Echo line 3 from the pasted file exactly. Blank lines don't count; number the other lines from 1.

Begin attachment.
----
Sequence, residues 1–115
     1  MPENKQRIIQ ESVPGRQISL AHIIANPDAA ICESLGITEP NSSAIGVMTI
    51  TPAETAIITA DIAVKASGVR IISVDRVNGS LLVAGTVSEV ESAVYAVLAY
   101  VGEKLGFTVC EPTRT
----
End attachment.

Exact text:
    51  TPAETAIITA DIAVKASGVR IISVDRVNGS LLVAGTVSEV ESAVYAVLAY